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  1. Free, publicly-accessible full text available December 10, 2024
  2. Abstract

    Revealing the formation, dynamics, and contribution to plasma heating of magnetic field fluctuations in the solar wind is an important task for heliospheric physics and for a general plasma turbulence theory. Spacecraft observations in the solar wind are limited to spatially localized measurements, so that the evolution of fluctuation properties with solar wind propagation is mostly studied via statistical analyses of data sets collected by different spacecraft at various radial distances from the Sun. In this study we investigate the evolution of turbulence in the Earth’s magnetosheath, a plasma system sharing many properties with the solar wind. The near-Earth space environment is being explored by multiple spacecraft missions, which may allow us to trace the evolution of magnetosheath fluctuations with simultaneous measurements at different distances from their origin, the Earth’s bow shock. We compare ARTEMIS and Magnetospheric Multiscale (MMS) Mission measurements in the Earth magnetosheath and Parker Solar Probe measurements of the solar wind at different radial distances. The comparison is supported by three numerical simulations of the magnetosheath magnetic and plasma fluctuations: global hybrid simulation resolving ion kinetic and including effects of Earth’s dipole field and realistic bow shock, hybrid and Hall-MHD simulations in expanding boxes that mimic the magnetosheath volume expansion with the radial distance from the dayside bow shock. The comparison shows that the magnetosheath can be considered as a miniaturized version of the solar wind system with much stronger plasma thermal anisotropy and an almost equal amount of forward and backward propagating Alfvén waves. Thus, many processes, such as turbulence development and kinetic instability contributions to plasma heating, occurring on slow timescales and over large distances in the solar wind, occur more rapidly in the magnetosheath and can be investigated in detail by multiple near-Earth spacecraft.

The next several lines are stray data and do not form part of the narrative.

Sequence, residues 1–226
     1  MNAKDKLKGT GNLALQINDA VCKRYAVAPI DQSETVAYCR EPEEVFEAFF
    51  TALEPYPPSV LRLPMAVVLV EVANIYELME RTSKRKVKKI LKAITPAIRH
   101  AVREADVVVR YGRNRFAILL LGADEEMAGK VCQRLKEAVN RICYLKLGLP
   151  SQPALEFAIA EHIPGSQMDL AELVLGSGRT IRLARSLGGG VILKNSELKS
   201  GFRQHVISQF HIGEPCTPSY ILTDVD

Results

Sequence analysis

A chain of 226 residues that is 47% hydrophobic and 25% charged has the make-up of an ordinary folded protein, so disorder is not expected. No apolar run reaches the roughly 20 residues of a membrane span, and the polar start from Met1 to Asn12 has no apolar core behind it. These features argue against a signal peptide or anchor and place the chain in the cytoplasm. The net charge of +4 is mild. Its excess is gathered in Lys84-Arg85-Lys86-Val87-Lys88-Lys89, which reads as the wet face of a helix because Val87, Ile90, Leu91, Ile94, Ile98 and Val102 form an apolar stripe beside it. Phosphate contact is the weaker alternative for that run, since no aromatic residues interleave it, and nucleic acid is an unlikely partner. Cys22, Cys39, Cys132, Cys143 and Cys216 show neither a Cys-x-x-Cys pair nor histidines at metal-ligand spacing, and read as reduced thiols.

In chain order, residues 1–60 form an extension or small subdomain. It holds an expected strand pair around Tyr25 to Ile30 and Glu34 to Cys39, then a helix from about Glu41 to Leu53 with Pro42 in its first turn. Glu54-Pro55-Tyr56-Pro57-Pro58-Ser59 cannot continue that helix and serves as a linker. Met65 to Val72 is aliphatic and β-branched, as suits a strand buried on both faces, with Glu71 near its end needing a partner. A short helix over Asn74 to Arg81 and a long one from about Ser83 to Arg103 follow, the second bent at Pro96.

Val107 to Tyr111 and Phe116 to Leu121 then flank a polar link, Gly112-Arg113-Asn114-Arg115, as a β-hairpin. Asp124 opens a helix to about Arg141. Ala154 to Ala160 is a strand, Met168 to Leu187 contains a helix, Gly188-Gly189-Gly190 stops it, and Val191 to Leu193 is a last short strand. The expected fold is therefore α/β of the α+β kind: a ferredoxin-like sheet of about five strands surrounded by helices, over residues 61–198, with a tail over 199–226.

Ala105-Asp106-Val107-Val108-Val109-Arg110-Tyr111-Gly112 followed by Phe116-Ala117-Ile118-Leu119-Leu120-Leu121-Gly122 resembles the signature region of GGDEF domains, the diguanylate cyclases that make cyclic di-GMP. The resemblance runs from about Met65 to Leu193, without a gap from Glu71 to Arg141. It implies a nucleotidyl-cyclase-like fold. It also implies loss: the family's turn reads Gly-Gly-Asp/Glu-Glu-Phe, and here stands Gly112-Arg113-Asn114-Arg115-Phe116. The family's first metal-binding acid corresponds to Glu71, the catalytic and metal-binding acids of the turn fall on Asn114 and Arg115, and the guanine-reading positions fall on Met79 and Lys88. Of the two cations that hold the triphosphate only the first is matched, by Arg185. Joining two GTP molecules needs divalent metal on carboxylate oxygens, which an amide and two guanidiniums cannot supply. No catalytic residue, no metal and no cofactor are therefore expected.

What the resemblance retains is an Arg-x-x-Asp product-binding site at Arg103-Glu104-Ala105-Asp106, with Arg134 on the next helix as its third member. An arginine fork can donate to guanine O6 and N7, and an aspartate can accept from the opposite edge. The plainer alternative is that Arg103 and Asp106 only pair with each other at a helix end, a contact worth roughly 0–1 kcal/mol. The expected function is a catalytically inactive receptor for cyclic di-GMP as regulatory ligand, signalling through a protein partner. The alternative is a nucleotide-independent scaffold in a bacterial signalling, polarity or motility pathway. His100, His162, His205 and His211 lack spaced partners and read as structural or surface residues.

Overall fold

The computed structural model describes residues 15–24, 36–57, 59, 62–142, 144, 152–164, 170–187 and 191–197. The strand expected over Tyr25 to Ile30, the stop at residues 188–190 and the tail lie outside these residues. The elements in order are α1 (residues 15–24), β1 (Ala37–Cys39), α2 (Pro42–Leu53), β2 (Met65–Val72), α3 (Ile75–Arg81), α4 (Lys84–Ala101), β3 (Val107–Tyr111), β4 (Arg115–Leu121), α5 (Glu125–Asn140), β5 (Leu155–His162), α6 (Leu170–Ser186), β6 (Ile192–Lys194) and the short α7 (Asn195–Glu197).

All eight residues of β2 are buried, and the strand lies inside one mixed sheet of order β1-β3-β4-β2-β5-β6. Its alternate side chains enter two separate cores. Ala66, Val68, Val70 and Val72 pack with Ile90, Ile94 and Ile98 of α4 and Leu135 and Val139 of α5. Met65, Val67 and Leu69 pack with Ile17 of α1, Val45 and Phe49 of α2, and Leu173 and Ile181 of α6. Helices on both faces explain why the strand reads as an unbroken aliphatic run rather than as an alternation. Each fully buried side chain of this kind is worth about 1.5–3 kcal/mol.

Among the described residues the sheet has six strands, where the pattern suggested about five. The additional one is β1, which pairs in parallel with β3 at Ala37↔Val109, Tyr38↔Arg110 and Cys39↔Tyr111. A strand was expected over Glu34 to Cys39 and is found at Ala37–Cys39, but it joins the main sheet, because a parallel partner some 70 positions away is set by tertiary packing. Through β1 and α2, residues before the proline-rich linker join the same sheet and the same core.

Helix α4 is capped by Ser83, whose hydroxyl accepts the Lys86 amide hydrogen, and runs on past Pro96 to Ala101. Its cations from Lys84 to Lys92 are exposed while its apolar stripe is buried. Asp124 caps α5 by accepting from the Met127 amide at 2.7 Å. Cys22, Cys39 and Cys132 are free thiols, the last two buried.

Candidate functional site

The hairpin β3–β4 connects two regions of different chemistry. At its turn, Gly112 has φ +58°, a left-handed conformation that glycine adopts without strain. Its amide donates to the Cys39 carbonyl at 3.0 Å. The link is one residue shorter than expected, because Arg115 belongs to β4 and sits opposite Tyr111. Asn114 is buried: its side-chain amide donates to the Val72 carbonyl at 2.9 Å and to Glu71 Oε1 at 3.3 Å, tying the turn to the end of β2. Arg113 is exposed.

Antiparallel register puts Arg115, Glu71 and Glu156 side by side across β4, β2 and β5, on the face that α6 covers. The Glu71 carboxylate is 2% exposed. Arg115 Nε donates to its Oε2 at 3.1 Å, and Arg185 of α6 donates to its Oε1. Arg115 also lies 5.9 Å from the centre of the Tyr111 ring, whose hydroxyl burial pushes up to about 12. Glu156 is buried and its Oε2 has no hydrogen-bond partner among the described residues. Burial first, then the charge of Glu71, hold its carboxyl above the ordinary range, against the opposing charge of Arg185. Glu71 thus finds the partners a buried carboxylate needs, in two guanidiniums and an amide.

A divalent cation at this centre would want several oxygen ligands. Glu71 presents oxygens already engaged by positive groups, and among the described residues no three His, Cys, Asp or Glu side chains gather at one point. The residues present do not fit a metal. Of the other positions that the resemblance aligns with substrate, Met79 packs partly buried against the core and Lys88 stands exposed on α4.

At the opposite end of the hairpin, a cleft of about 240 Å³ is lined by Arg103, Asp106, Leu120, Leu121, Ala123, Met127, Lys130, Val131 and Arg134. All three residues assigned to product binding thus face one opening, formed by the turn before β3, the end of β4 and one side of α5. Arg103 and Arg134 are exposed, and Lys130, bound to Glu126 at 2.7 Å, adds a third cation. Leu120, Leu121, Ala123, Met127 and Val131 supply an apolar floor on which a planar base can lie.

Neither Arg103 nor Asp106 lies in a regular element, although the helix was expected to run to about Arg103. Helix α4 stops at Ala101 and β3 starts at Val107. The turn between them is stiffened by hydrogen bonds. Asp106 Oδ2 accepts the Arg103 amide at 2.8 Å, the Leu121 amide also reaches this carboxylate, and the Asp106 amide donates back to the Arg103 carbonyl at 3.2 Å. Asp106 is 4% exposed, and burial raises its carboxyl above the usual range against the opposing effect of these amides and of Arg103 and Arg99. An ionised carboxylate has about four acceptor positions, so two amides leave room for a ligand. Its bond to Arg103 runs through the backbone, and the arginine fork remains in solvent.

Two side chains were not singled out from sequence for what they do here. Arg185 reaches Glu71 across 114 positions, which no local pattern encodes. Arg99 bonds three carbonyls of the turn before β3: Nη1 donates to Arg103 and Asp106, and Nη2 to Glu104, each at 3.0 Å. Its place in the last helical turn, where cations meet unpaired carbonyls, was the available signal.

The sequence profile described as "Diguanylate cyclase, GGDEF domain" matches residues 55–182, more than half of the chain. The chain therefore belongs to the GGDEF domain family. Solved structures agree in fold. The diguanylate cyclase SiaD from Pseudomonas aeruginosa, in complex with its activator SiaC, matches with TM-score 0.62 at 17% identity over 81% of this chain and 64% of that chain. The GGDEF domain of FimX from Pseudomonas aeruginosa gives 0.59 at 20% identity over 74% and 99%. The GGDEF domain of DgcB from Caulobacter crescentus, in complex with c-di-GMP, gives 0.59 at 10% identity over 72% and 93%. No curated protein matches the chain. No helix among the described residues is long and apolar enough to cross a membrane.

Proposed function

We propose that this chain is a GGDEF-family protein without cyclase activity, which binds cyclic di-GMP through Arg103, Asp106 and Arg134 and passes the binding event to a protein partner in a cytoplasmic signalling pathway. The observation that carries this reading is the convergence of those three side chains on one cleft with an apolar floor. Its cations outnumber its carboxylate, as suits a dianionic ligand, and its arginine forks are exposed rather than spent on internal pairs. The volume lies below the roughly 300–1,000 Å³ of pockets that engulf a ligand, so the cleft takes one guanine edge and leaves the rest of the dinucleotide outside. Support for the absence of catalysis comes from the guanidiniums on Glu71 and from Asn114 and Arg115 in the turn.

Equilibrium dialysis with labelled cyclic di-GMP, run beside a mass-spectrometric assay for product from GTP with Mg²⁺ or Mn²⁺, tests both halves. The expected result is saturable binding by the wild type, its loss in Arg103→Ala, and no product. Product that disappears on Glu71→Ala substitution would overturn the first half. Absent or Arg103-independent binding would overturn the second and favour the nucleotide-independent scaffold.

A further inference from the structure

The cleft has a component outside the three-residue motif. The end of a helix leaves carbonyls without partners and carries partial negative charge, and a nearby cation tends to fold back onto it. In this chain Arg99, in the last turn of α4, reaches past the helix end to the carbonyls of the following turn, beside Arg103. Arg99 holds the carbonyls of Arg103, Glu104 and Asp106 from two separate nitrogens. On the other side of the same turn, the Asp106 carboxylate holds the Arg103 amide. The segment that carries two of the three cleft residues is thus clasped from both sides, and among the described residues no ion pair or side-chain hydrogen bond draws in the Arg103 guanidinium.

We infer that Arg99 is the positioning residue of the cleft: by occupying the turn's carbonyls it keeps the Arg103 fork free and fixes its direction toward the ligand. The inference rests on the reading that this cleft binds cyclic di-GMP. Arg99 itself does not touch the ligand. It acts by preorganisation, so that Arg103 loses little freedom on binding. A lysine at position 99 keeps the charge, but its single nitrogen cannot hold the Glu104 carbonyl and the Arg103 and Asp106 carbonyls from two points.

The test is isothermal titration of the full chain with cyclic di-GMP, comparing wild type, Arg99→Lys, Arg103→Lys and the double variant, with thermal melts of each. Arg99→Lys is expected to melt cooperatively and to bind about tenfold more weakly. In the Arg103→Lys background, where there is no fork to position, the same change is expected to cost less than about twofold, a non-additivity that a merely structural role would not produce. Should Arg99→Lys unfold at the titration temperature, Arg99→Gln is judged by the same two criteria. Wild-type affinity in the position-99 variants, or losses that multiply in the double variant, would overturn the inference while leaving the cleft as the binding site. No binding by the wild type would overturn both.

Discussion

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  3. null (Ed.)
    Federated multi-armed bandits (FMAB) is a new bandit paradigm that parallels the federated learning (FL) framework in supervised learning. It is inspired by practical applications in cognitive radio and recommender systems, and enjoys features that are analogous to FL. This paper proposes a general framework of FMAB and then studies two specific federated bandit models. We first study the approximate model where the heterogeneous local models are random realizations of the global model from an unknown distribution. This model introduces a new uncertainty of client sampling, as the global model may not be reliably learned even if the finite local models are perfectly known. Furthermore, this uncertainty cannot be quantified a priori without knowledge of the suboptimality gap. We solve the approximate model by proposing Federated Double UCB (Fed2-UCB), which constructs a novel “double UCB” principle accounting for uncertainties from both arm and client sampling. We show that gradually admitting new clients is critical in achieving an O(log(T)) regret while explicitly considering the communication loss. The exact model, where the global bandit model is the exact average of heterogeneous local models, is then studied as a special case. We show that, somewhat surprisingly, the order-optimal regret can be achieved independent of the number of clients with a careful choice of the update periodicity. Experiments using both synthetic and real-world datasets corroborate the theoretical analysis and demonstrate the effectiveness and efficiency of the proposed algorithms. 
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